The avatar body can of course collide with objects when scripted to, but the recorded avatar, being merely a ghost, holds no such weight (or rather, mass). One’s current avatar, for example, can pass through the body of one’s previous avatar. A double identification can occur. What are the implications of passing through one’s own prior form, of following it, or of mimicking it in real time and space? Furthermore, one can change avatar’s between recording and re-performance, and thus compose and perform group movement with multiple disparate bodies. A single actor/player can devise, rehearse, perform, and watch an action at the scale of a dance company, or with the server space, at near infinite multiplication.
Another choreographic tool at our disposal is an NPC navigator. With this widget, we move through space dropping anchor points (or as they are called in the Interface, “beacons”), then drop any number of stock bodies onto the path.
The default body for this tool is a sort of science fiction military-adjacent superhero, like a Blue Power Ranger Master Chief. It seems like a strange choice at first, but perhaps it merely reveals the ethics and aesthetics of this system. I consider the process of moving one’s own avatar across a domain, and watching this aggressive, superhuman, masked figure follow one’s lead. It’s an inversion (or perhaps not an inversion but an illustration) of a viewer’s identification with military bodies in U.S. Army advertisements on TV. We can each be an Army of One, and we can each spawn our own Blue Ranger-Master Chief.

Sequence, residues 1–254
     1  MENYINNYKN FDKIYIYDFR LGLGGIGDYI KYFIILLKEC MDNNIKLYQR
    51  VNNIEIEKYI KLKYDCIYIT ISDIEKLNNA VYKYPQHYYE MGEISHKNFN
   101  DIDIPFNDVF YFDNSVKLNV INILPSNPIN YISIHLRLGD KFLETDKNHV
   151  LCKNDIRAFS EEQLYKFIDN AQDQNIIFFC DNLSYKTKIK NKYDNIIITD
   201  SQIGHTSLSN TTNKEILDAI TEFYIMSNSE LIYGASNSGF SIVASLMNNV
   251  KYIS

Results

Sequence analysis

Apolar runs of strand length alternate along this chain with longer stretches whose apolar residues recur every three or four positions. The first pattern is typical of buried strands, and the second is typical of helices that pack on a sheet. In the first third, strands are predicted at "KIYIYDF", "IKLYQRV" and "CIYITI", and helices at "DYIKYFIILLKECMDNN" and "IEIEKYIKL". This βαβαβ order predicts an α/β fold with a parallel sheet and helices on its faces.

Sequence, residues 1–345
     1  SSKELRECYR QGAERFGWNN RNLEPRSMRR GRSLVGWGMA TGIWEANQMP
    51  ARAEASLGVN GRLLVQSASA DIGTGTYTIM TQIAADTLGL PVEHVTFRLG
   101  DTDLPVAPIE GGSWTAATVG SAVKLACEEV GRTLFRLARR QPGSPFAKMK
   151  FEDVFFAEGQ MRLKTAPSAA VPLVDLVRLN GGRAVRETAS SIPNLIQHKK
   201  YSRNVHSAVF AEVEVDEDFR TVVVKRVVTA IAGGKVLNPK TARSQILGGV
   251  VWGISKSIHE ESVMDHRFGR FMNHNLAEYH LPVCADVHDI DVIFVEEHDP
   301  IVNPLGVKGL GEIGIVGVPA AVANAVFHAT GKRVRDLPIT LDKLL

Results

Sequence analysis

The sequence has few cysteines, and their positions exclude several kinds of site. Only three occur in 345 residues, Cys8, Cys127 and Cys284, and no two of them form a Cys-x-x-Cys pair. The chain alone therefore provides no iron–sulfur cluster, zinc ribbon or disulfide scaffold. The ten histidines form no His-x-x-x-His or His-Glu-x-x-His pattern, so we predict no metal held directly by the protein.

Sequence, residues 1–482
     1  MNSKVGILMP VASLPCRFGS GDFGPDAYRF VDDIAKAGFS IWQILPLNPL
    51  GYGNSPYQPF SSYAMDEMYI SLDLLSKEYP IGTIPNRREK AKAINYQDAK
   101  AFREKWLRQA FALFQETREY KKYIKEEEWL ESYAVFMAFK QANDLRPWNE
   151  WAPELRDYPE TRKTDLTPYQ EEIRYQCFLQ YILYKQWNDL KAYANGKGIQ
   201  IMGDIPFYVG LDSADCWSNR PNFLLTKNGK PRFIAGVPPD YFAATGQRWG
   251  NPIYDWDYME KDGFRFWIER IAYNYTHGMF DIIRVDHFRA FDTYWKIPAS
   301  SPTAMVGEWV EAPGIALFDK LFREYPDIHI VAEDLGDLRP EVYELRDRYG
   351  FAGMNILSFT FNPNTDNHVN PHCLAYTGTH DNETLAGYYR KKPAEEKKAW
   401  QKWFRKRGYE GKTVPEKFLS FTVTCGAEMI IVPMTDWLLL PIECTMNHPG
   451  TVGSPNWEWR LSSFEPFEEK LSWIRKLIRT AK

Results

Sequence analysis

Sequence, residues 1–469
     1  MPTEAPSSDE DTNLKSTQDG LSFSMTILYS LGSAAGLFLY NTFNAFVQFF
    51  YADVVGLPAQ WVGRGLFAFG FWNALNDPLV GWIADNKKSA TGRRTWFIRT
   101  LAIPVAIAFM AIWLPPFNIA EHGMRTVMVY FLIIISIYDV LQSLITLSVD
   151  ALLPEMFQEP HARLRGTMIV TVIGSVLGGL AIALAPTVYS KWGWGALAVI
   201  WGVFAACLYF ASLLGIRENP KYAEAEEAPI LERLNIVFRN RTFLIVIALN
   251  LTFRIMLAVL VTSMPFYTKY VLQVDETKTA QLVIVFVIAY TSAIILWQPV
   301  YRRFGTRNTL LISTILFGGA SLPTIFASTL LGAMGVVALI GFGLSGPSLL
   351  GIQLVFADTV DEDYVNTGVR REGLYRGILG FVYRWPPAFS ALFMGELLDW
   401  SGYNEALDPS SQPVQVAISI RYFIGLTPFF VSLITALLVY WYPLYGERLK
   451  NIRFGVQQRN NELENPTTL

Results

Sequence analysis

I decided to close the semiotic gap, and sourced a free FBX soldier model for my NPC. I set the NPC running slowly, so it appeared to run in place indefinitely. I then used a “live” avatar to interact, identify, and overlap with my soldier.